MASSPIRG joins LWV panel on the harms of toxic PFAS

Liam Louis, Elle Vignette Photography | Used by permission
MASSPIRG's Deirdre Cummings speaking at a forum on PFAS hosted by the Newton League of Women Voters. She is joined by Wendy Heiger-Bernays, BU professor of Public Health, Katherine Lange, MA Rivers Alliance, Halina Brown, Professor of Toxicology, Clark University.

MASSPIRG participated in a panel last night organized by the Newton League of Women Voters, on the both the problem of toxic PFAS (forever chemicals) and more importantly, what can we do about it.

PFAS are a class of synthetic petrochemicals that help products resist heat, water, grease and stains.  The downside is that PFAS are toxic at very low levels, increasing risk of cancer, immunosuppression, birth defects, colitis, and other diseases.

People are exposed by drinking and eating food and water that has been contaminated and using products with PFAS.  In Massachusetts, at least 171 public water systems in 96 cities and towns have exceeded the state’s legal limit (Maximum Contaminant Level) for PFAS.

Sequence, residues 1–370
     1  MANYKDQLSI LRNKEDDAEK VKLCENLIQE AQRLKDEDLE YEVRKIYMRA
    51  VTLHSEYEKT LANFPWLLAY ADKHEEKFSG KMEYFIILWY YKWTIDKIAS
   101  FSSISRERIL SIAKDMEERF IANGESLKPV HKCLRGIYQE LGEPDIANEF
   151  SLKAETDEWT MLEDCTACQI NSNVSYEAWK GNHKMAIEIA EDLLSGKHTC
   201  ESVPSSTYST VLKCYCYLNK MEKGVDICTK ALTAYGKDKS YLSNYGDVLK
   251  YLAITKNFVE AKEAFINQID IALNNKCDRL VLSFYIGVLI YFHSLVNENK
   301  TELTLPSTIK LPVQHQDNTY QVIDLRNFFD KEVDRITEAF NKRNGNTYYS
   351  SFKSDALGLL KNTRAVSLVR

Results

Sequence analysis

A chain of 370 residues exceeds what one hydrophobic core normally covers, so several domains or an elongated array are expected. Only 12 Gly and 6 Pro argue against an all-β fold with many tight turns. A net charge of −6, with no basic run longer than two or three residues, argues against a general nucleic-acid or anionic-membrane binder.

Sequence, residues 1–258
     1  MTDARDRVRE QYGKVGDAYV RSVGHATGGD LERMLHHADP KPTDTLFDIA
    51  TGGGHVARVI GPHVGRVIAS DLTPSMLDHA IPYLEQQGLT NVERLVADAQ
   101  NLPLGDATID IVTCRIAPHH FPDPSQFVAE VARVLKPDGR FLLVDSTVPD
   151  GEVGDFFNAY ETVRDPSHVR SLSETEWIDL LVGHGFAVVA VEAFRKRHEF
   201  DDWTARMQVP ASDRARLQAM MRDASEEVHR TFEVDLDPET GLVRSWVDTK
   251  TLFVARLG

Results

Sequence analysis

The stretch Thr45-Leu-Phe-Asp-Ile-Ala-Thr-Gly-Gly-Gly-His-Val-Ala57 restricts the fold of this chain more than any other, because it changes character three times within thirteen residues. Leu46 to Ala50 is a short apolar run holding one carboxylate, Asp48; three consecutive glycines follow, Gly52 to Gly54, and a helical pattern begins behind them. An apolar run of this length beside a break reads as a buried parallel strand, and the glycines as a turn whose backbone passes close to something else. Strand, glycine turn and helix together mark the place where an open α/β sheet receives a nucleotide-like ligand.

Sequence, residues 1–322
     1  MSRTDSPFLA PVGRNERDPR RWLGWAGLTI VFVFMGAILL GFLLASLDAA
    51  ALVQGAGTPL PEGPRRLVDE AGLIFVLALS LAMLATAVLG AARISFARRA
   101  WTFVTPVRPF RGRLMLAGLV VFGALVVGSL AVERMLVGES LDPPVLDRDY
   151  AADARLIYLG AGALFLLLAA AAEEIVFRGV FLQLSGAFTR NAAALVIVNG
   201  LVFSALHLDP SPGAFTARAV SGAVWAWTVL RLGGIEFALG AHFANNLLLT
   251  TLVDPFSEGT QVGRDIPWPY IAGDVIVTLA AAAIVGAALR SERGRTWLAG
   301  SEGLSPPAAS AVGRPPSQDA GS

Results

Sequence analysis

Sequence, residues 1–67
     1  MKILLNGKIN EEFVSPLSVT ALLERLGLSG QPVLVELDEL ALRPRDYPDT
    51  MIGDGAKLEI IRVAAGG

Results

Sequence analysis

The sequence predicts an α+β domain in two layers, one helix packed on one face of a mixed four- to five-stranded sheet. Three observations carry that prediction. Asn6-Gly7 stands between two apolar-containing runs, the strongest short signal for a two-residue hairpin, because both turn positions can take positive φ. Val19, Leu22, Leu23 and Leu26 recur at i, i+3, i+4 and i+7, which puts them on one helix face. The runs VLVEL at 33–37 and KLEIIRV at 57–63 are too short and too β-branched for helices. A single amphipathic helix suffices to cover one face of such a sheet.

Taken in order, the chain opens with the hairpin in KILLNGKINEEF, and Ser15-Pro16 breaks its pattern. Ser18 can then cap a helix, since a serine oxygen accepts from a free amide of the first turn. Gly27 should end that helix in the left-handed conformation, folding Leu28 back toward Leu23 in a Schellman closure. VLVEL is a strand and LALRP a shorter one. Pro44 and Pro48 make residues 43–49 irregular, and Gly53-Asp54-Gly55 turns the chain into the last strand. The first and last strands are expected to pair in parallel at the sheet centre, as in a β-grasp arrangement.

MASSPIRG’s Deirdre Cummings spoke about the pending state bill, Act to protect Massachusetts public health from PFAS (S1356/H2197) filed by Senator Cyr (Truro) and Representative Kate Hogan (Stow). The bill would phase out PFAS in many products; cut industrial discharges of PFAS; protect firefighters from PFAS exposure in their turnout gear; and set up a fund to help communities test and treat for PFAS in drinking water, soil, and groundwater.

“The fight against PFAS isn’t easy, but we need to act to protect Bay Staters’ health,” said Cummings. “We need to identify and clean up existing pollution. We need to care for those affected. And we need to hold contaminators accountable for cleanup costs. That said, our efforts will be for nothing if we don’t stop PFAS contamination at the source. It’s pretty simple: If a bathtub is overflowing, you don’t start scooping out buckets of water to try to empty it. You turn off the faucet.”


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